Cut Copy had always been a fun but polarizing group of electro-rockers. Over the years, the group consistently besieged ears with a sugar-coated pop sound that many continue to dismiss for its simplicity. Even now, pretentious cynics still undervalue Cut Copy as mere Nu Romantic counterfeits from the ‘80s. Those listeners continue to miss the point. Rather than poking holes, lie back and indulge in the sheer zeal and positivity of the band’s latest, Haiku From Zero—a record so atmospherically buoyant, its simple pleasure eventually becomes the only pleasure in life.
The group’s tendencies toward wispy, welcoming vibes reappear on its latest but feel fresher than ever before. That is a unique contradiction, considering the band’s unwillingness to delve into a more progressive path. Haiku From Zero is not groundbreaking but it is solid.
Cut Copy evocatively embraces its innate ‘80s-isms with the release of dance culture from within, all while injecting a bit of indietronica from the past decade. On Haiku From Zero, everything shines and glimmers as freedom appeals as the album’s central theme, pitched perfectly as a parallel to the very emotions evoked when listening to its underlying flow that wills its audience to dance the night away.
An ample amount of punchy synth melodies and a mixture of dream pop and ’90s indietronica, Cut Copy creates a serene sense of awe. With the heat of each dance-driven moment, wondrous euphoria seeps into cellular walls and diffuses into synapses with sonic befuddlement, especially with the snappy intro track, “Standing In The Middle Of The Field,” and the gauzy closer, “Tied to the Weather.”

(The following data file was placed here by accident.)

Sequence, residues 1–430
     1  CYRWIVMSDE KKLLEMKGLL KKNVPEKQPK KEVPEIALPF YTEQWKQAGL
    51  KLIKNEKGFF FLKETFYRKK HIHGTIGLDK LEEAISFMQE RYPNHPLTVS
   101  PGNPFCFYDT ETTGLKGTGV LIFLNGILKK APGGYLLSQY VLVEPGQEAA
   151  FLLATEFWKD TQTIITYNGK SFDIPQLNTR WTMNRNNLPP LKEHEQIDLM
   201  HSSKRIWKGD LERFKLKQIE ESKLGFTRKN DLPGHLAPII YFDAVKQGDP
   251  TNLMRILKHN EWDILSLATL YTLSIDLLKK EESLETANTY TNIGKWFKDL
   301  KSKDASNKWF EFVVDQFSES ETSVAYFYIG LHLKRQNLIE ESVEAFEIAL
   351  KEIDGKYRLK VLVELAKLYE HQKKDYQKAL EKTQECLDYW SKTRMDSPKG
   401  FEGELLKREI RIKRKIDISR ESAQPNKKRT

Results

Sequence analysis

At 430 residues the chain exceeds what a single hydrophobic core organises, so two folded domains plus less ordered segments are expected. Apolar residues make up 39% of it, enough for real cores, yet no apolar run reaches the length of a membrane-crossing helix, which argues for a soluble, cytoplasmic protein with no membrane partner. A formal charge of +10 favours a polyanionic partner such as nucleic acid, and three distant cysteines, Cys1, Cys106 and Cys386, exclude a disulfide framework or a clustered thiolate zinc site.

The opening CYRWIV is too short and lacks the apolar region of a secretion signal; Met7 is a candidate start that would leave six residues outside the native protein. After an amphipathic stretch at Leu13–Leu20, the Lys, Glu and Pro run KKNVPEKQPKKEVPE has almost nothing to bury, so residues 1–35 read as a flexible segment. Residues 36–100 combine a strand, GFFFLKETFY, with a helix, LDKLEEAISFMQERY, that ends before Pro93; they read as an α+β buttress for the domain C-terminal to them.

Each track between those embodies the essence of an indie hit single, frenzying into one-another with a multitude of powerful hooks and infectious drum time signatures.
Haiku From Zero subtly reveals varying approaches to Cut Copy’s groovy character. While its latest is not as strong as Free Your Mind when it comes to standalone danceability, it is viciously hungry for pop sensibilities.
There are a few jarring moments on this album where the band members take themselves too seriously, but as a result, Cut Copy parades ambitions they had yet shown. That could be a good indicator of artistic maturation. Don’t be surprised if you see a few of these tracks remixed again and again, but that’s OK because Cut Copy really knows how to bring the party. It’s quite refreshing for a band like Cut Copy to churn out endearing and earnest records suitable for simply enjoying rather than dissecting with deep contemplation.
Nevertheless, Cut Copy remains as master of its craft as they continue to recall ‘80s new wave and funky disco bass-lines devoid of abstract analysis and thought. Haiku From Zero is inevitably ambitious and is quite a peculiar juxtaposition of sounds which, in the wrong hands, could have been a jumbled mishmash of differing soundscapes. Cut Copy, however, are better than that, as each track on Haiku From Zero showcases the group’s eclectic capabilities as blending genres and evoking moods of sugary soundscapes.
Haiku From Zero maintains a suitable amount of creativity, vibrancy and eclectic composition that manages to subvert a time period where pop music cliches run rampant and everything produced feels forced and without substance.
Follow writer Kyle Kohner at Twitter.com/kylejkohner.